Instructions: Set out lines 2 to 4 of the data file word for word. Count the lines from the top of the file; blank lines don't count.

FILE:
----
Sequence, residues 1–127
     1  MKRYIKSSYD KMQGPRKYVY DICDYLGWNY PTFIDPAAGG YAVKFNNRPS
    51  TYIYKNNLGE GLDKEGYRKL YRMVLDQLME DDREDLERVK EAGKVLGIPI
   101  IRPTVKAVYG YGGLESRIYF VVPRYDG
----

     1  MKRYIKSSYD KMQGPRKYVY DICDYLGWNY PTFIDPAAGG YAVKFNNRPS
    51  TYIYKNNLGE GLDKEGYRKL YRMVLDQLME DDREDLERVK EAGKVLGIPI
   101  IRPTVKAVYG YGGLESRIYF VVPRYDG